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Can you freeze food in glass jars?

I get this question so often, I wanted to put the answer in its own post.

In short:

Yes! You can freeze food in glass jars!

I have done it somewhere around 8935 times, and it’s been just fine unless I’ve dropped the glass jar. Which is a me problem, not a freezing-food-in-glass-jars problem.

glass mason jar of tomato sauce.


I know we are all rather terrified of causing glass breakage…that’s a messy problem, and it also results in food waste because WHO is going to try to eat food that might have glass shards in it?

(Not me! I might hate food waste, but I hate chewing on glass even more.)

But you really do not need to be terrified. It is not as if glass magically explodes once it hits the cold air.

What makes jars break in the freezer? A lack of headspace

Freezer breakage typically happens when you do not leave sufficient space for the food to expand.

If you’re freezing something like nuts, seeds, or flour, then of course this is not a problem; those things don’t expand much at all when they’re frozen.

fruit frozen in glass mason jar.

But if your jar contents are water-based, then they’re definitely going to expand.

And if you have a tight lid on a full jar, when the contents expand too far, they will indeed push right through the glass.

chia seeds in a mason jar.

Even a very full jar of chia seeds wouldn’t need headspace in the freezer

If the water-based contents can’t go up, they will go out.

Isn’t that kind of crazy to think about? That these tiny water molecules become so strong when they freeze, that they can actually break glass?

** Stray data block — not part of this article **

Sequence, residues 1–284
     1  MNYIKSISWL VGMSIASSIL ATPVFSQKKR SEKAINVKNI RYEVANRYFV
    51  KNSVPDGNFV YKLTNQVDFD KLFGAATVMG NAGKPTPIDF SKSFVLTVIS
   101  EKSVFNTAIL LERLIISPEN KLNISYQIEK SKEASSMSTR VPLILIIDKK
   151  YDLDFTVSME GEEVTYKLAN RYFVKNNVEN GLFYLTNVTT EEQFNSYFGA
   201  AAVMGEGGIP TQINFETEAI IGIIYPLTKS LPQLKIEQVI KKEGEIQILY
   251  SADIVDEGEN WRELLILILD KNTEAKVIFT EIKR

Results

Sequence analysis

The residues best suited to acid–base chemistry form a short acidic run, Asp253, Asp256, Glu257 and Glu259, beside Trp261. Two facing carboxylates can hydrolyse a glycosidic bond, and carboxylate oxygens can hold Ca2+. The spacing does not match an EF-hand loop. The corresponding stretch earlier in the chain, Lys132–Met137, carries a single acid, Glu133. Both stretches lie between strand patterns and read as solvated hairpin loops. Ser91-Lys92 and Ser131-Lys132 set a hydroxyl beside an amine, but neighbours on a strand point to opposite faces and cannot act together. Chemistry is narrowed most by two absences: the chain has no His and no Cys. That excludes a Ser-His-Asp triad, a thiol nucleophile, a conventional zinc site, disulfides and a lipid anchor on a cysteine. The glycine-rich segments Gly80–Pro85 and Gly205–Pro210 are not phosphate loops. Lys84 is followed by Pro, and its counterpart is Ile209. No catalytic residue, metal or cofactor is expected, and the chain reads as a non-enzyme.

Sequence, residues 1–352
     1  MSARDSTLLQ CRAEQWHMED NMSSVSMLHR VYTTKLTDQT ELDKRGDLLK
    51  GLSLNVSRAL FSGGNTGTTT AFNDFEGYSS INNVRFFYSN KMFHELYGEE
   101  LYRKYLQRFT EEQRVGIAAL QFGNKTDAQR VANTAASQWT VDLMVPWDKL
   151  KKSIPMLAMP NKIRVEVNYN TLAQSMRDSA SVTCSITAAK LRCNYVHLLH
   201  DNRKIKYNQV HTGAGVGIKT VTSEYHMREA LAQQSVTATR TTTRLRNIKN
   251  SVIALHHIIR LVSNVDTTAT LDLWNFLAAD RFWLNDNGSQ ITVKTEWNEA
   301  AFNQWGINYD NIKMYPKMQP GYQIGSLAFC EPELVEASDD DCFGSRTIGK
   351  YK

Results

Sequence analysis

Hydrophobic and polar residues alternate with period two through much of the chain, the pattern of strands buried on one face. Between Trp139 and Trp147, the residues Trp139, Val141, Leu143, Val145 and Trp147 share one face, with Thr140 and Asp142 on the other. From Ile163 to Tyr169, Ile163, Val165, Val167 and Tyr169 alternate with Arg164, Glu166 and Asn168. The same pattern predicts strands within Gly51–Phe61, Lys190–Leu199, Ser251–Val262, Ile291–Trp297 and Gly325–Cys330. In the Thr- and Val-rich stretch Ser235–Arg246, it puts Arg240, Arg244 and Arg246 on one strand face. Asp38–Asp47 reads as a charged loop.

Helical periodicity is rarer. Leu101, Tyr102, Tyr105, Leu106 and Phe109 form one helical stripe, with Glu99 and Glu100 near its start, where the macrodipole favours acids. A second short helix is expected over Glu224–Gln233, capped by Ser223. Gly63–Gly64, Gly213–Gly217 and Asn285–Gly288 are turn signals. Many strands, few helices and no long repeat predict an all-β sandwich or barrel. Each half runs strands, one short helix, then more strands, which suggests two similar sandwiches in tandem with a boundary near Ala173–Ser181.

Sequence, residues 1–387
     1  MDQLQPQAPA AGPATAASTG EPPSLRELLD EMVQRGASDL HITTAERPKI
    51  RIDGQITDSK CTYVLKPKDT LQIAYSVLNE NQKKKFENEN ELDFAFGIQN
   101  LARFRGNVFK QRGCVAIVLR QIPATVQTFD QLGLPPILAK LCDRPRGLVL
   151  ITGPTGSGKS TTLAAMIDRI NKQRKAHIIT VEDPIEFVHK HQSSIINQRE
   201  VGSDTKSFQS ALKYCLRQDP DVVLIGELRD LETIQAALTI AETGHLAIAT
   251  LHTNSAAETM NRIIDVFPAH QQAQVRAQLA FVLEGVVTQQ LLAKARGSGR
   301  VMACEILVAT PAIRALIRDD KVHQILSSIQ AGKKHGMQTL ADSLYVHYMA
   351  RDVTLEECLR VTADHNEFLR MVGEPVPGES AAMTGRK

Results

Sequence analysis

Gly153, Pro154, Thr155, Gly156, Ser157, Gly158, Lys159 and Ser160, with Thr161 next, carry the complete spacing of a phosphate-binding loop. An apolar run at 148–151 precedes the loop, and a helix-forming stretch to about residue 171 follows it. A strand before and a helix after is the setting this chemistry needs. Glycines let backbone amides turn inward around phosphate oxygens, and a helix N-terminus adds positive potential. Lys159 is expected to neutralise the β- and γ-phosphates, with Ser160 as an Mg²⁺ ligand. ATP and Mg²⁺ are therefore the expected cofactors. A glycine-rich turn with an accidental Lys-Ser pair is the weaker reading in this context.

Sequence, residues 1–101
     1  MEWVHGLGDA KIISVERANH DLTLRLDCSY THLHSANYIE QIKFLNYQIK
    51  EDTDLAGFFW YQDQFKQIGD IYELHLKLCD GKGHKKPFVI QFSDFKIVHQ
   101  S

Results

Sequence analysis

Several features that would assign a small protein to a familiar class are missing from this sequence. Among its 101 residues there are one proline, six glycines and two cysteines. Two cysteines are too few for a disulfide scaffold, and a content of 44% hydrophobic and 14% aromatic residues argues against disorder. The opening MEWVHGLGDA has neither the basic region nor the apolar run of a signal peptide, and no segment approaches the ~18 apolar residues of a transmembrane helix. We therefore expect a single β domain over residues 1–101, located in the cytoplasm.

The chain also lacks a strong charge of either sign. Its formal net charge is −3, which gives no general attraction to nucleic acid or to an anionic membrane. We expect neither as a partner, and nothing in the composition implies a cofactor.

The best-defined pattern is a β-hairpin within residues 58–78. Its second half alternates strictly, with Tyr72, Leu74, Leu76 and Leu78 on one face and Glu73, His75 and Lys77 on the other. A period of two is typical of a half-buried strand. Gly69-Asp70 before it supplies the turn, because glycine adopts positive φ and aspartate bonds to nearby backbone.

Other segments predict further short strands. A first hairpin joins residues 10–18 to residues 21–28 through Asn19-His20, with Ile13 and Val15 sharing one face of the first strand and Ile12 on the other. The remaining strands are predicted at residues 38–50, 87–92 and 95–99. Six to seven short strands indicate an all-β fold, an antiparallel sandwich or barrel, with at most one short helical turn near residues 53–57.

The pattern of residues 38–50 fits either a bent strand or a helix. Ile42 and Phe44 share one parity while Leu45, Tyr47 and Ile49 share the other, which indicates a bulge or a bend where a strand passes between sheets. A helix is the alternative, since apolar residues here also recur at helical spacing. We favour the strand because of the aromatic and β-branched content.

It kind of reminds me of how weeds can push through asphalt or concrete.


To fix this….

Leave sufficient headspace!

(Headspace = the amount of room between the food and the lid of the jar.)

Jam frozen in glass jars

I err on the side of caution when it comes to this, and if you are new to freezing food, you probably should too! It’s always better to leave a little extra room while you’re learning how much food expands during the freezer process.

Four Mason jars of blueberry jam.

This would be WAY too little headspace for freezing!

If you are really nervous, you can always freeze the jars without the lids and then screw the lids on later. That will ensure the food has plenty of room to expand upward.

Do you need to use wide-mouth jars?

Ball does make wide-mouth jars that are labeled specifically for freezing. I think the shape of them is a little better because there’s no neck and the food can seamlessly expand upward and slightly outward.

ball plastic lids for yogurt jars

that front yogurt jar is a wide-mouth Mason jar


I have frozen food plenty of times in standard Ball jars, and it’s been fine.

Do you need specific lids for freezing in glass jars?

Nope! You can use (and reuse) the usual metal lids and metal bands.

Since those are prone to rust, I’ve also used Ball’s plastic screw-on lids (mine are the older white style, but this is their current style.)

A lot of off-brand lids are available as well, but since I haven’t tried them, I can’t vouch for how long-lasting they are. I can tell you my plastic Ball lids have lasted for years.

Also, you know how the grated Parmesan lids work on standard-mouth jars? I’ve frozen those plenty of times too and they’ve been fine.

Parmesan lids on two glass Mason jars.

Can you freeze glass tomato sauce jars from the store?

This is probably the most common food-freezing question I get and my answer is yes.

These jars are not quite as heavy-duty as actual canning jars, so you might want to be slightly more careful with them.

But I’ve frozen food in them plenty of times and it’s been fine as long as I leave sufficient headspace.